He has an MBA from The Wharton School of Business and a BS, in Mechanical Engineer from the Technologico de Monterrey in Mexico. Enrique’s passions are soccer and the ocean, and he also enjoys traveling, getting to know new people, and spending time with his wife and two kids, Emma and Enrique.

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Kelly Barner

Host of Dial P for Procurement

Kelly is the Owner and Managing Director of Buyers Meeting Point and MyPurchasingCenter. She has been in procurement since 2003, starting as a practitioner and then as the Associate Director of Consulting at Emptoris. She has covered procurement news, events, publications, solutions, trends, and relevant economics at Buyers Meeting Point since 2009. Kelly is also the General Manager at Art of Procurement and Business Survey Chair for the ISM-New York Report on Business. Kelly has her MBA from Babson College as well as an MS in Library and Information Science from Simmons College and she has co-authored three books: ‘Supply Market Intelligence for Procurement Professionals’, ‘Procurement at a Crossroads’, and ‘Finance Unleashed’.

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Mary Kate Soliva

Host, Veteran Voices

Mary Kate Soliva is a veteran of the US Army and cofounder of the Guam Human Rights Initiative. She is currently in the Doctor of Criminal Justice program at Saint Leo University. She is passionate about combating human trafficking and has spent the last decade conducting training for military personnel and the local community.

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Amanda Luton

Vice President, Production

Amanda is a production and marketing veteran and entrepreneur with over 20 years of experience across a variety of industries and organizations including Von Maur, Anthropologie, AmericasMart Atlanta, and Children’s Healthcare of Atlanta. Amanda currently manages, produces, and develops modern digital content for Supply Chain Now and their clients. Amanda has previously served as the VP of Information Systems and Webmaster on the Board of Directors for APICS Savannah, and founded and managed her own successful digital marketing firm, Magnolia Marketing Group. When she’s not leading the Supply Chain Now production team, you can find Amanda in the kitchen, reading, listening to podcasts, or enjoying time with family.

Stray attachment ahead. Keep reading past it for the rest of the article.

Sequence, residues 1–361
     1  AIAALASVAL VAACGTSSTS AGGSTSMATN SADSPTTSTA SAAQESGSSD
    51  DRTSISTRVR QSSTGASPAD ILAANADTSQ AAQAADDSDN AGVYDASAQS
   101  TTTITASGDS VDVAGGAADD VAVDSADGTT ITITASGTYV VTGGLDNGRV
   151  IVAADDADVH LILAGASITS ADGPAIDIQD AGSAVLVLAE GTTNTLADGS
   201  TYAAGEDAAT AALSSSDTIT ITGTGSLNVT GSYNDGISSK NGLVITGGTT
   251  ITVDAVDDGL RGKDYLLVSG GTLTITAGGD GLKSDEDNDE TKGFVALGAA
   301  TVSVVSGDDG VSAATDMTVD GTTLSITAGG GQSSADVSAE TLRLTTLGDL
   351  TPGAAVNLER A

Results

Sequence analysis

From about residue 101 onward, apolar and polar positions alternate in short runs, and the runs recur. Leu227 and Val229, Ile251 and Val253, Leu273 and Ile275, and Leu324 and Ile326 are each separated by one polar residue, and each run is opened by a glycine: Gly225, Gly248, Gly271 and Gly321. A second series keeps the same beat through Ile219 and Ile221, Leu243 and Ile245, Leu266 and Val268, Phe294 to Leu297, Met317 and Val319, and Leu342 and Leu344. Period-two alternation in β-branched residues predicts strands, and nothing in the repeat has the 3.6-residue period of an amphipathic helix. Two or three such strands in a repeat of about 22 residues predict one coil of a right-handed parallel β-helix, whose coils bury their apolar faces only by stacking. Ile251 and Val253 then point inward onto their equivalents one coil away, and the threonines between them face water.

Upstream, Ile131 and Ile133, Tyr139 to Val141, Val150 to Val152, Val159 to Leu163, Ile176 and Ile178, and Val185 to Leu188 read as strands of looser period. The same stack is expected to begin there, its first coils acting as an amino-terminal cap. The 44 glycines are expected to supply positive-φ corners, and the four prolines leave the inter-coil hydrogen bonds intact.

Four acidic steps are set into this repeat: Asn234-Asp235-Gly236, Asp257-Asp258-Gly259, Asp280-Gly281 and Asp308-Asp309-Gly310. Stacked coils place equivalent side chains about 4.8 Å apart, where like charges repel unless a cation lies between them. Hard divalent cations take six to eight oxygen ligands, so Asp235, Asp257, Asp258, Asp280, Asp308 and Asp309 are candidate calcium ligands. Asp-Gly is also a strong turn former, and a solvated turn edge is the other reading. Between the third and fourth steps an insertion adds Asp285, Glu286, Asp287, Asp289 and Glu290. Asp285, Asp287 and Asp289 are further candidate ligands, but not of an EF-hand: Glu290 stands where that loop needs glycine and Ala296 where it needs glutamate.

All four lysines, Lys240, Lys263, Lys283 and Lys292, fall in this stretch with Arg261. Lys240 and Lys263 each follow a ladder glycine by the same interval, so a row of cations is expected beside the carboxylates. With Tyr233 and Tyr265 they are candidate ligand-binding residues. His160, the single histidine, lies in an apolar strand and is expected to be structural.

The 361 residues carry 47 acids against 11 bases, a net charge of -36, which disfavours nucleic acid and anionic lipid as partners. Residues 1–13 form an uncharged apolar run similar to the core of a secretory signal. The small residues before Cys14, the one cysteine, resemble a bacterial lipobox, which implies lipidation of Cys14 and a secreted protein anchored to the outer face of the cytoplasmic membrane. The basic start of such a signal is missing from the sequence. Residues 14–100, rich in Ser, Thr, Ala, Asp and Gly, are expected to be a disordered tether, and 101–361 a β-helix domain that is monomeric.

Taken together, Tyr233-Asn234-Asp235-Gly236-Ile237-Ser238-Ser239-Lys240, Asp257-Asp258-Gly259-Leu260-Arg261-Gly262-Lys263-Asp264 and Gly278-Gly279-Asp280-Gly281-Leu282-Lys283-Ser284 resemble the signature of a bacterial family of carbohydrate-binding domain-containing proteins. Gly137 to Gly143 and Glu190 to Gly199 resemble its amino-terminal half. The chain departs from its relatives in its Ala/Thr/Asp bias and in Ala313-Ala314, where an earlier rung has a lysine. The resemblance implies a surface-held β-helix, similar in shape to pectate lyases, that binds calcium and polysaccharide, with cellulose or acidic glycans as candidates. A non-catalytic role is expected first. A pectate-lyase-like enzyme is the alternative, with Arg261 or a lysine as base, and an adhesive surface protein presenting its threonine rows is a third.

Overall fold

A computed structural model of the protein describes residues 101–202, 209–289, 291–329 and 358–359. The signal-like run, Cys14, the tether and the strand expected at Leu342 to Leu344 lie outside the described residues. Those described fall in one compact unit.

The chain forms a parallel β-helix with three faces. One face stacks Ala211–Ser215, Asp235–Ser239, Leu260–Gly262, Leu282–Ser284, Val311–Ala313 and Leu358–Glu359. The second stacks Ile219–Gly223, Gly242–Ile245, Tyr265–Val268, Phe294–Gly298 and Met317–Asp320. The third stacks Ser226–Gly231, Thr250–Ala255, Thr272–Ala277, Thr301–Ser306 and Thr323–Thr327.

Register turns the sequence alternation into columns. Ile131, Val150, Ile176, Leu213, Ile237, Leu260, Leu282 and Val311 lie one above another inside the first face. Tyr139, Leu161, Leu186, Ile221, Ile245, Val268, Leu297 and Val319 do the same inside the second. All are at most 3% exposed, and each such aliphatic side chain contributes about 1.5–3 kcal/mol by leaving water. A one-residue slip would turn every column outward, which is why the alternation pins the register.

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Clay Phillips

Business Development Manager

Clay is passionate about two things: supply chain and the marketing that goes into it. Recently graduated with a degree in marketing at the University of Georgia, Clay got his start as a journalism major and inaugural member of the Owl’s football team at Kennesaw State University – but quickly saw tremendous opportunity in the Terry College of Business. He’s already putting his education to great use at Supply Chain Now, assisting with everything from sales and brand strategy to media production. Clay has contributed to initiatives such as our leap into video production, the guest blog series, and boosting social media presence, and after nearly two years in Supply Chain Now’s Marketing Department, Clay now heads up partnership and sales initiatives with the help of the rest of the Supply Chain Now sales team.

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Trisha Cordes

Administrative Assistant

Trisha is new to the supply chain industry – but not to podcasting. She’s an experienced podcast manager and virtual assistant who also happens to have 20 years of experience as an elementary school teacher. It’s safe to say, she’s passionate about helping people, and she lives out that passion every day with the Supply Chain Now team, contributing to scheduling and podcast production.

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Chantel King

Social Media Manager

My name is Chantel King and I am the Social Media Specialist at Supply Chain Now. My job is to make sure our audience is engaged and educated on the abundant amount of information the supply chain industry has to offer.